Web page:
However, they do tend to think of young women who drink as
being more promiscuous.  

This is explained in the text:

Leigh (1995) and others have argued that
the origin of the stereotype is rooted in the notion that it is the
woman’s responsibility to uphold purity and morality for
society by maintaining the Madonna persona in terms of sacrifice of
personal needs to attend to the needs of others. In contrast, the drunk
female is considered the whore who represents the denigration of
society. Moreover, by breaking from traditional notions of femininity,
the drunk female’s inability to control her alcohol
consumption and libidinous behavior provides a threat to existing power
relationships between men or boys and women or girls, because in such
conditions men no longer have exclusive control and rights over their
female partner’s sexuality (Leigh, 1995). In this respect,
the image of the drunken woman or girl also invokes a sense of agency,
albeit agency associated with negative connotations, because her
expression of free will comes at the cost of fulfilling her role of
wife and mother.


The authors do point out that it is somewhat speculative to ascribe a
causal relationship to rape myths, and the actual perpetration of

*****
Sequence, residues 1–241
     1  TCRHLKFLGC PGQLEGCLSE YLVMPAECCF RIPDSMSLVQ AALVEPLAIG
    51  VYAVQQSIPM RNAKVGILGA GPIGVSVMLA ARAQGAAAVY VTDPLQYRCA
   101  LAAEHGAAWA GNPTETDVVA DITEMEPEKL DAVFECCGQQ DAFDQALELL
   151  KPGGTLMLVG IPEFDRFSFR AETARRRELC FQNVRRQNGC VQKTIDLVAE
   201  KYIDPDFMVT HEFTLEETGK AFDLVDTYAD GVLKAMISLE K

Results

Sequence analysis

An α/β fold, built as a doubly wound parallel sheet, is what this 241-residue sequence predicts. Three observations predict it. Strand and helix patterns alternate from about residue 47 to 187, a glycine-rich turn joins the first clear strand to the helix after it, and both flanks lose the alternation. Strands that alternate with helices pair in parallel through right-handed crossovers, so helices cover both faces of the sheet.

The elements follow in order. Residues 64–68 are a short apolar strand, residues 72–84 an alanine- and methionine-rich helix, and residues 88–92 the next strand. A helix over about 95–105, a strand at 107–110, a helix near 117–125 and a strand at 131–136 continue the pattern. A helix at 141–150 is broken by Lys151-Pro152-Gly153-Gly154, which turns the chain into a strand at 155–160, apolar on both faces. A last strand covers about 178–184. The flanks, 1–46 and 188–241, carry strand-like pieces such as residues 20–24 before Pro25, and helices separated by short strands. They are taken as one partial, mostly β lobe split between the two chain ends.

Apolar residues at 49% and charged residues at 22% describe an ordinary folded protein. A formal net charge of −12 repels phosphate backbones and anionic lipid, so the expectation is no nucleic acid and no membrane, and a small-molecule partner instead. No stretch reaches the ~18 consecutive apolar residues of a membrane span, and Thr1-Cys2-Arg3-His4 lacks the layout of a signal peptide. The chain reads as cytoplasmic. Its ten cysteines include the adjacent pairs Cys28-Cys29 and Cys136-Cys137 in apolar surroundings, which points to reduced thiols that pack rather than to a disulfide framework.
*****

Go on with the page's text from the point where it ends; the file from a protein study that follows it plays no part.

sexual assault.  

Therefore, it is imperative to explore
whether the sexual inferences adolescents make about girls who drink
are associated with the high rate of sexual assault among this age
group, especially because the involvement of alcohol in sexual assault
appears to be just as common among adolescents as adults.


Aside from the question of causality, there is another issue here that
the authors explore. That is, do the stereotypes about girls who drink
affect blame attribution?  Their study did not address this
directly, but they identify it as an area of concern for possible
further research:

To establish this link empirically, future
studies should include in the vignettes a dating encounter that results
in the sexual assault victimization on the part of the female
character.  Previous studies with adult populations (e.g.,
Norris & Cubbins, 1992; Norris, Davis, George, Martell,
& Heiman, 2002) using alcohol vignettes that end in sexual
aggression suggest that sex-related expectancies about alcohol
predicted the acceptability of sexual aggression as measured with
cognitive judgments of assailant force and victim enjoyment.
Particularly given the relevance of rape myths among adolescents, one
would anticipate greater blame for the outcome placed on the female